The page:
"Show off!" said the man as I overtook him. I turned around to retort something, saw his tired face and decided to stay silent: his crankiness was only coming from exhaustion.
We were about a kilometer away from the summit of Mt Whitney, and he most likely had started his day hike around 2am, tackling an insane 35Km round trip with an elevation gain of 1860m. I could understand that watching a young woman step lightly passed you, with no pack on and seemingly unaffected by the brutal climb, can spark that kind of comment.
What he didn't know was that I had started from the other side of Mt Whitney at Crabtree Meadows. It was a shorter distance, and even though still a rough track, no way near as ardous as the one he had just done. I also had been acclimated to high altitude for almost three weeks and fit from 18 days of continous hiking.
I was finishing the John Muir Trail.
The JMT is a 338Km long Trail in California, starting from Happy Isles in Yosemite Valley and ending at the summit of Mt Whitney, 4421m, the highest peak in the lower 48 States.
My First Through-hike
I discovered the JMT during a road-trip around California in 2009, where I crossed its pass while on a day hike in Yosemite, and browsed through the guide book in a library.
My partner of the time William and I travelled to California again in 2010, with Burning Man as the highlight of that trip. As we returned in 2011, we wanted to do something different, something special. The little seed of the John Muir Trail that had been planted in my mind a couple of years earlier bloomed: We would hike the Sierra Nevada Mountains.
The longest hike I had ever done by then was a five-day long walk around the Grande Casse in the Vanoise National Park in the French Alps, where I enjoyed the comfort of a mountain hut every night. Undertaking the John Muir Trail was a much longer experience, in total self-reliance and in remote wilderness. It was the perfect challenge.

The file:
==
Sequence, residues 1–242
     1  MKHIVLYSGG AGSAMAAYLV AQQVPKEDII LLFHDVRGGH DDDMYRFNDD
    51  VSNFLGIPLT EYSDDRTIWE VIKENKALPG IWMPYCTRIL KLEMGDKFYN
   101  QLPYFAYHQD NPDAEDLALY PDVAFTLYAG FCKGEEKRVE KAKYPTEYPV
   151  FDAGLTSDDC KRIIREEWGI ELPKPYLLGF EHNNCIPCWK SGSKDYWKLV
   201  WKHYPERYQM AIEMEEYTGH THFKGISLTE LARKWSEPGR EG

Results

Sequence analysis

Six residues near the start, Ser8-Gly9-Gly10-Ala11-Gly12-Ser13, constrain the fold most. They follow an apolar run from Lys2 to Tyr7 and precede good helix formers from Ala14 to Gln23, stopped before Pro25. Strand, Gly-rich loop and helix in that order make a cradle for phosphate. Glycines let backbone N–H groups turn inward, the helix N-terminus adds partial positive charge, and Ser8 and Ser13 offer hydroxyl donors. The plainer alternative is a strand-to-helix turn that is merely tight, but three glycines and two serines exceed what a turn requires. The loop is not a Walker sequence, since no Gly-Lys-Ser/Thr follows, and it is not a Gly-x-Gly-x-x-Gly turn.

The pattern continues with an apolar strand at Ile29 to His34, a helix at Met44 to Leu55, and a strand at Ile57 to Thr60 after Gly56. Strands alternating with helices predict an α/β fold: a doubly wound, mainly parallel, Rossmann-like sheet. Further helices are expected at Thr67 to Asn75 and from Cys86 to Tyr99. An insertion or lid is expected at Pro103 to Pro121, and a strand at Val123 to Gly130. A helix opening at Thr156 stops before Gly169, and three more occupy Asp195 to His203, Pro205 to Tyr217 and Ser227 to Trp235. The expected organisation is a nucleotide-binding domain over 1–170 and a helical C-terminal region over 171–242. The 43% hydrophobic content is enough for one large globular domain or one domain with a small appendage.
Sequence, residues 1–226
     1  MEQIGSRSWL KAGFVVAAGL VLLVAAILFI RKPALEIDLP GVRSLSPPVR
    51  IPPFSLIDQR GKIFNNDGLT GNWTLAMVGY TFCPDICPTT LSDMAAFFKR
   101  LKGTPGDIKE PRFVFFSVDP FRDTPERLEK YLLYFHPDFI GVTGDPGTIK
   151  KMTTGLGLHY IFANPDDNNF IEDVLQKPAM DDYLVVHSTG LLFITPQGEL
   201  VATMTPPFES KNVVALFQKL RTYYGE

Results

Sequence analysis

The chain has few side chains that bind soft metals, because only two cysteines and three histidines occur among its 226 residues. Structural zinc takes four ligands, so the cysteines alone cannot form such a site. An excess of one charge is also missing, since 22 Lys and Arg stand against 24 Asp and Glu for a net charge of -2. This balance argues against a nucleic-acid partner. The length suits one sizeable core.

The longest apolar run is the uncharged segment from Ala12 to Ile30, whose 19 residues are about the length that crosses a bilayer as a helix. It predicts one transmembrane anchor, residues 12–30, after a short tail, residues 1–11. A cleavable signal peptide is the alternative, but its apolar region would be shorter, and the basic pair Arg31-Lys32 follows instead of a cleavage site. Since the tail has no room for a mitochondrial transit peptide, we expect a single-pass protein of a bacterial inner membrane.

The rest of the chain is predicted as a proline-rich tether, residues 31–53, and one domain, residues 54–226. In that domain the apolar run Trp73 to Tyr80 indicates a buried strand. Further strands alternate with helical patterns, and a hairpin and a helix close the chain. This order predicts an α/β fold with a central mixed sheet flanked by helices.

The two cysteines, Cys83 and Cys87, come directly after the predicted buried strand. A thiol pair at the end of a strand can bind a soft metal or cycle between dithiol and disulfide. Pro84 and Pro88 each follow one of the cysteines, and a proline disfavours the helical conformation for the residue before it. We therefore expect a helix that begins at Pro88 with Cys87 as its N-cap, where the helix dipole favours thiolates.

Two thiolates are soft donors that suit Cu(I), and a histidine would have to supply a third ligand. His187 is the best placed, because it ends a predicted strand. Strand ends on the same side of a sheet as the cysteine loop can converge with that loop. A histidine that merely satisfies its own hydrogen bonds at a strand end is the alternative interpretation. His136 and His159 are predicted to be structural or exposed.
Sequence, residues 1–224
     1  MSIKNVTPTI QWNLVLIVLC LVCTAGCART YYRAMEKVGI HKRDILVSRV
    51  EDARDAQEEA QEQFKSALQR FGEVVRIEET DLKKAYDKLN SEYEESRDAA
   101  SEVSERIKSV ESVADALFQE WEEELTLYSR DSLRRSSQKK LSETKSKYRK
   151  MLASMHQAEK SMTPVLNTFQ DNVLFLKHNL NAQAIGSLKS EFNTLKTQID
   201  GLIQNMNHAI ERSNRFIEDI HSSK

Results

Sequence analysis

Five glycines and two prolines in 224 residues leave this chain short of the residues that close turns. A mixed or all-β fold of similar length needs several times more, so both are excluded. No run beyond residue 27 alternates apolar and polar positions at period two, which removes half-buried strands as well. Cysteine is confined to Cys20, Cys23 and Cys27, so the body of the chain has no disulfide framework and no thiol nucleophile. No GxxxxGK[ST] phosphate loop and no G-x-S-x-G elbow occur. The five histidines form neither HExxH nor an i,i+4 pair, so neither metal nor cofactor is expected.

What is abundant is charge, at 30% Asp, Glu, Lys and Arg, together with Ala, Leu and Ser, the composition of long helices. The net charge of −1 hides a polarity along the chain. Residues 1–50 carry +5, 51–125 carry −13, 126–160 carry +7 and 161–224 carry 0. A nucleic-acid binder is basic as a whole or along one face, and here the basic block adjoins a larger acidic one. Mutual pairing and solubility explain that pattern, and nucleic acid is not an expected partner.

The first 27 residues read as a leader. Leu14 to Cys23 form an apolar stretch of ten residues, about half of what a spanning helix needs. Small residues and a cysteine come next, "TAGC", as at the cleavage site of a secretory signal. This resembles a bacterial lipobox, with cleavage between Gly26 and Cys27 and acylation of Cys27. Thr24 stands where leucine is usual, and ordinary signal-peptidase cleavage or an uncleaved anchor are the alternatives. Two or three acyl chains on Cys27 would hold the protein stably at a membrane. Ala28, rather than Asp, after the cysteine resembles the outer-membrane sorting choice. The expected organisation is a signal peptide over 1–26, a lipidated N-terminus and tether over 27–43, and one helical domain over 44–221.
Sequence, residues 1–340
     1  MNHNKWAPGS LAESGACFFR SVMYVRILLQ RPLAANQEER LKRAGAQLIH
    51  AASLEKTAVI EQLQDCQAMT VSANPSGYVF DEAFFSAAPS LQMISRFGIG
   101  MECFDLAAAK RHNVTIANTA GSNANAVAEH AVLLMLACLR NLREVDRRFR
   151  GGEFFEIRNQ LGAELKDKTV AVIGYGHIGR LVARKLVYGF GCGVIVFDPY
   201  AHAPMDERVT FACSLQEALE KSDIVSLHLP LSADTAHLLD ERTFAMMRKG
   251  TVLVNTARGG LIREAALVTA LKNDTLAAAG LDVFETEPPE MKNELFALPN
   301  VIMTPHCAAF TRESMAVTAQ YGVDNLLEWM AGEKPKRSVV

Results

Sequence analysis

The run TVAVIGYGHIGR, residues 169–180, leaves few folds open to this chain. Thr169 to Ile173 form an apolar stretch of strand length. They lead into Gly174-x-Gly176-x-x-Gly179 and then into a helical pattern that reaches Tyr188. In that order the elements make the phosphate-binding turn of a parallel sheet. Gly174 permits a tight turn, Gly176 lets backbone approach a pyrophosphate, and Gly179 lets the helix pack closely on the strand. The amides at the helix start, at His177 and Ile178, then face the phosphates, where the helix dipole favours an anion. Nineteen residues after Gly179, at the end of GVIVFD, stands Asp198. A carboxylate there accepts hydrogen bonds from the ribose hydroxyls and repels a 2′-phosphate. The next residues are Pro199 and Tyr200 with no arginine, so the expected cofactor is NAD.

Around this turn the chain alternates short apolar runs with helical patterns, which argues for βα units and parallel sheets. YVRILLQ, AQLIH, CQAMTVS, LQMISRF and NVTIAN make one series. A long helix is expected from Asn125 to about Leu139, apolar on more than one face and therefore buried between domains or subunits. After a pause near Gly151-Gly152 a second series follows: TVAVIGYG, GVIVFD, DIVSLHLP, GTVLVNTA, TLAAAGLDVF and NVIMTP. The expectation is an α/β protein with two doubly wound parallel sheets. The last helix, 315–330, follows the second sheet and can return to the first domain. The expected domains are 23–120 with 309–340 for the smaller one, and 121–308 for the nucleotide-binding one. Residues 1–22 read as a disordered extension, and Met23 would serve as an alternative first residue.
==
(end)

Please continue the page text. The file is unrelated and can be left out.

It was the beginning of a life's passion.
For permit reasons, we started from Lyell Canyon (Tuolumne Meadows) and not the traditional starting point in the valley, Happy Isles. Permits are indeed required to hike the JMT and are in high demand. Make sure you plan well ahead as wilderness permits are under a quota system limiting the number of hikers on the trail (to 45 people per day exiting Yosemite via Donahue Pass) and thus preserving the environment.
"If I die now, at least I'd die in the arms of the man I love, in a stunning and wild place, doing something I'm passionate about."
This was my thought as the lightnings striked the nearby peaks and the thunder resonated as much in our stomachs as in the valleys around Evolution Lake. Our little emergency tarp was barely big enough to hold the two of us. The rain was pounding hard against its thin walls, just like my heart in my chest. We had set up camp in a hurry, seeing the cumulonimbus growing rapidly. I absolutely love being close to Nature. But enduring a thunderstorm at 3300m of altitude with just a piece of plastic for shelter is maybe being a little too close.